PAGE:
Irritation at lack of continuity of care-
I don't wanna move, move, move, move... but it's happened like that. ...The new GP no understand my problem (10)
Preference for the use of the same interpreter in each consultation-
"I have a connection with her and that makes me feel safer to have only one" (6)
How to change attitudes-
"The government should take time to enlighten people about why people come to this country... The reason is very important. Because nobody wakes up one day and says I'm fed up of living in my own country" (11)
Trying to fight discrimination with limited English-
When I try and complain ... [the receptionist] said go and complain and she give it me HSN [NHS] telephone number ... it's my English, of course nobody is gonna be listen my complaint. ... I was upset and I went home... [that was the] end [of] my complaint."(5)
Unease at doctors who fob off concerns-
"They don't really accept it, they just reject it. Without just saying something they say no it's not a problem, it's not like that." (4)
Preference for doctors that listen-
"He listens to me and he tries to find out the background of my illness. ... He tried to find out whether the illness was because the situation I found myself in." (11)
Preference for advice over medication-
"When ... doctor gives you advice about the small things ... you feel like he care. But here it's more Paracetemol, for ear or throat, which is not right." (5)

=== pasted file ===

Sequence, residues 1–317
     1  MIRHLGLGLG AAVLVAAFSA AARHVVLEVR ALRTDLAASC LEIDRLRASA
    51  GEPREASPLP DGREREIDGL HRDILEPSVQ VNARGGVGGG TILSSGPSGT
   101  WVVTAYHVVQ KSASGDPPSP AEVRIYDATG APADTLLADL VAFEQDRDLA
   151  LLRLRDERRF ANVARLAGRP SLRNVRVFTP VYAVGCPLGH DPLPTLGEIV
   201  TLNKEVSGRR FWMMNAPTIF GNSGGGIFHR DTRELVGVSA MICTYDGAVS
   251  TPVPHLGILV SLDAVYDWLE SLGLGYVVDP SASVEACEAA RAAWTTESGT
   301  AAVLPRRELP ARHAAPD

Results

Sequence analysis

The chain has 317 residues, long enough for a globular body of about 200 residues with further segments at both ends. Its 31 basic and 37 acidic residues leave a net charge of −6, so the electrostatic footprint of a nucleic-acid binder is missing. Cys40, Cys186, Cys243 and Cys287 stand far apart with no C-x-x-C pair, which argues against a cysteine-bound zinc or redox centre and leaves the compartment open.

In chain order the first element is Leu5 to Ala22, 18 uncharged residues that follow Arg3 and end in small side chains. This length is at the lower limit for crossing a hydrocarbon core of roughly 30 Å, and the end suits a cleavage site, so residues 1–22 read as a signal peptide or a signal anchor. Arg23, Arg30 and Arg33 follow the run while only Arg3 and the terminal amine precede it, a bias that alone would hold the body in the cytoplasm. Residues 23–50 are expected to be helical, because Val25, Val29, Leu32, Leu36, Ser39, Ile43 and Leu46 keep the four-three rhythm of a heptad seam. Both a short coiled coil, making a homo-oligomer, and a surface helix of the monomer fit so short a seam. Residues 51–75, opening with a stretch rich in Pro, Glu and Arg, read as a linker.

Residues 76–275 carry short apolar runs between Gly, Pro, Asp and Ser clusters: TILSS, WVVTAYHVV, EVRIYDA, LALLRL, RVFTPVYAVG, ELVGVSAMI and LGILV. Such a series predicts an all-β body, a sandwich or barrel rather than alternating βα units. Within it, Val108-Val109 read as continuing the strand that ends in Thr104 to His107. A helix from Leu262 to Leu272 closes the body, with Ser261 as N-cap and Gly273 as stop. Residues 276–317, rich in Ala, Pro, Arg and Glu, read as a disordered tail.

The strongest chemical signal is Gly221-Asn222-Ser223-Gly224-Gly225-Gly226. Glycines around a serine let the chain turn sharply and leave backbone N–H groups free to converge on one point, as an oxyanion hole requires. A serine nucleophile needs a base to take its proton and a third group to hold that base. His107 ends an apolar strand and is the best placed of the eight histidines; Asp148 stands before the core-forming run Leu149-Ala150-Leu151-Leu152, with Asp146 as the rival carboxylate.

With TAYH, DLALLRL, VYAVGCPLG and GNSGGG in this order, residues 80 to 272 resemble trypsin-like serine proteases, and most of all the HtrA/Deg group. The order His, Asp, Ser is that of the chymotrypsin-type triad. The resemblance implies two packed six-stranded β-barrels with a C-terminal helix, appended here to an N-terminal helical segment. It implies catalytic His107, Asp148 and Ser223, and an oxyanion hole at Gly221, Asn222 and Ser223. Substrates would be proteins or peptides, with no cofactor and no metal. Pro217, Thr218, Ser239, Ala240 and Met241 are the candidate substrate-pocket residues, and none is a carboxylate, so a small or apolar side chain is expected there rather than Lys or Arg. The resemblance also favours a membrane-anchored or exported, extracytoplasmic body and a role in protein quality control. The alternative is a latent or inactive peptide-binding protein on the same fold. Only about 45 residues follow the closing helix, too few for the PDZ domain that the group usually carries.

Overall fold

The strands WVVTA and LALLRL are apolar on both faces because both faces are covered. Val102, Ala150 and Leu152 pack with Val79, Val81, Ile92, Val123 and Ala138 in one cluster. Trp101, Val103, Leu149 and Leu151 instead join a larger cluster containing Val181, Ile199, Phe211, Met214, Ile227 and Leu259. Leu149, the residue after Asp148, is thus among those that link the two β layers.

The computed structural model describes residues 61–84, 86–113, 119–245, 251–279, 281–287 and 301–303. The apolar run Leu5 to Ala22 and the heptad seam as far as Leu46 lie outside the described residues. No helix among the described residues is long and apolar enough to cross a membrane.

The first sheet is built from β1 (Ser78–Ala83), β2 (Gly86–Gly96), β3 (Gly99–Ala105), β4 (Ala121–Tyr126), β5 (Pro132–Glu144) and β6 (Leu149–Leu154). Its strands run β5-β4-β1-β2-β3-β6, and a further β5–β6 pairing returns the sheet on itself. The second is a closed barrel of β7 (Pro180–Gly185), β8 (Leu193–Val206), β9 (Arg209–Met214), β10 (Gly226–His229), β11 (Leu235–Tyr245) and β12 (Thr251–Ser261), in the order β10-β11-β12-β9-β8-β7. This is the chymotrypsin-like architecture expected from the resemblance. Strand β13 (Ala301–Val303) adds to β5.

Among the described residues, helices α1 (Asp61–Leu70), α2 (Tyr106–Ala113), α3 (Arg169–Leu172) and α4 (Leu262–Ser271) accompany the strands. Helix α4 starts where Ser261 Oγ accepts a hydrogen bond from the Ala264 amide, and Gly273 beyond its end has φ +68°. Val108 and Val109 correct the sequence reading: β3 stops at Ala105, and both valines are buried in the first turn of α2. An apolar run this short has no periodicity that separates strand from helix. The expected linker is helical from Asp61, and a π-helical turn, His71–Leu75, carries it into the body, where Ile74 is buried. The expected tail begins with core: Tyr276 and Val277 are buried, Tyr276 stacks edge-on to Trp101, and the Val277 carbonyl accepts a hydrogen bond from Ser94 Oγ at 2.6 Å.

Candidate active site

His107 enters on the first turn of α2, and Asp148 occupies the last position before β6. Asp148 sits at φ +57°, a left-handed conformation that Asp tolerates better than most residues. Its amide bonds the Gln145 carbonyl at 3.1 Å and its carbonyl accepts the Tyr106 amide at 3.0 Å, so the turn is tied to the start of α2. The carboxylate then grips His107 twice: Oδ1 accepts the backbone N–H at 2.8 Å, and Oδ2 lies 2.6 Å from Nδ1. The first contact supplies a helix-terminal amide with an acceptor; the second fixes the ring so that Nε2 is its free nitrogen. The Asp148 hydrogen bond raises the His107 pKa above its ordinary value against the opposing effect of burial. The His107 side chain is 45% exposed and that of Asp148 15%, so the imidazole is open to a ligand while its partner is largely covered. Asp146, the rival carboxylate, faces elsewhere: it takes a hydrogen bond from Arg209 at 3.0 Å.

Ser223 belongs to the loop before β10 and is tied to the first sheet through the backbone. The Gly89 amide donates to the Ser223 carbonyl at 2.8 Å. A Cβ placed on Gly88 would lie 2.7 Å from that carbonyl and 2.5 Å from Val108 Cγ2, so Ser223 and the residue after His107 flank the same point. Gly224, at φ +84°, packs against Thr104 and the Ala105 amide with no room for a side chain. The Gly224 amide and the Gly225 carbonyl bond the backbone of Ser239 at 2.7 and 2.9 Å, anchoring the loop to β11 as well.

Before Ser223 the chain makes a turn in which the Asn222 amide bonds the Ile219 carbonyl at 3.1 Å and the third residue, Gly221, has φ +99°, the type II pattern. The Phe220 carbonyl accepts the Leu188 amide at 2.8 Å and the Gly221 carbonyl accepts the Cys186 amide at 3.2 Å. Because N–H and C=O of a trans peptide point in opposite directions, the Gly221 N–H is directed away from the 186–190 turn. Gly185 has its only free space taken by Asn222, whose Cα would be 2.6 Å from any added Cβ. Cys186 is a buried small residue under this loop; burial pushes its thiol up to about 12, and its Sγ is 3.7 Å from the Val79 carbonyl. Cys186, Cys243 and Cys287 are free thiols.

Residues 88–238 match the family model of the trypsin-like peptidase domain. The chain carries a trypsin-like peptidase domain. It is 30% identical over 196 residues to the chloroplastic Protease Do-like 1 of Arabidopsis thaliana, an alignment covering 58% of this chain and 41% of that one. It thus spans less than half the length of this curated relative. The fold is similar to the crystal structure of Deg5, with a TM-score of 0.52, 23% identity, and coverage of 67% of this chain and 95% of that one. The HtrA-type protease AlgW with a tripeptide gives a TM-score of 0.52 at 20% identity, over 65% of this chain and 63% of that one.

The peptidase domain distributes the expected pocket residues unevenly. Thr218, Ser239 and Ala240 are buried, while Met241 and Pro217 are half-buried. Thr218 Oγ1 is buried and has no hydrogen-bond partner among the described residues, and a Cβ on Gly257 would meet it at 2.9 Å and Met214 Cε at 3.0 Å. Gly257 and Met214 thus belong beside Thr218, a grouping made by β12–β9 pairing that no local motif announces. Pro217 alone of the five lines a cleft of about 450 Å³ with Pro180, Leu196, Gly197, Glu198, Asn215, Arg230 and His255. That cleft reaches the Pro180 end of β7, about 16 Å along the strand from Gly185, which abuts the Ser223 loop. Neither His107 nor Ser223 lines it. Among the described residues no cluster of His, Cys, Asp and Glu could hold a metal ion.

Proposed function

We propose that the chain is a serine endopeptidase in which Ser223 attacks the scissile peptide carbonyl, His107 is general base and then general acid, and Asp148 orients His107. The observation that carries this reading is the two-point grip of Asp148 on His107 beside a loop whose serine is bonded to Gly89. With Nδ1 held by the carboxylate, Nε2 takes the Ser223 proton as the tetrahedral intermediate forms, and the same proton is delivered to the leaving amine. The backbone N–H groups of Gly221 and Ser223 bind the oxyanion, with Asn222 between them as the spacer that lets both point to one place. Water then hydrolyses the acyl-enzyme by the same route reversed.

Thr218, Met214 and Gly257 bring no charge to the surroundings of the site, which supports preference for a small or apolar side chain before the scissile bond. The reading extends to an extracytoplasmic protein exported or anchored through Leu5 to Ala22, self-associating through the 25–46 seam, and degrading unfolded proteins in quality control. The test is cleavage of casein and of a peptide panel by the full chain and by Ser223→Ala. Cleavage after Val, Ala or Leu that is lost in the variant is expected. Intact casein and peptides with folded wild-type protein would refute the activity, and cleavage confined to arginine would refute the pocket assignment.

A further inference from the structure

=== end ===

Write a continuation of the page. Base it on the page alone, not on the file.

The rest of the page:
Participants, especially failed asylum seekers desired easier access to GPs but they also wished for some continuity of care both with the GP and with any professional interpreter used. This allowed them to gain trust in the confidentiality of their interpreter as well as build up a relationship with the GP.
With regards to the perceived stigma in the health service towards refugees, respondents expressed that changes in attitude need to be made in society as a whole, rather than just within the healthcare sector. They wanted the population understand the reason why they had come to this country, rather than to assume that they were coming to use the free healthcare system. Respondents felt the discrimination needed to be dealt with in order to make them feel comfortable in the healthcare system, although when one participant tried to complain about discrimination herself, her limited English did not help.
Maybe it was because of linguistic difficulties, the lack of continuity of care and the perceived stigma of being a refugee that a number of participants felt their concerns had not been taken seriously by the GP and hence expressed negative views about their care. Others believed that these difficulties meant that GPs tended to rely heavily on medication and failed just to listen to them or provide appropriate advice. Most respondents explicitly stated that they valued doctors that listened to them, and almost all mentioned this quality when describing a good experience with a doctor. They also preferred doctors who were less reliant on handing out medication and more inclined to give advice instead. The use of traditional medicine was preferred for minor illnesses and was often taken when Western medication was thought to be ineffective or sometimes even concurrently with Western Medicine. In general, participants viewed traditional medicine as producing fewer side effects than Western medication.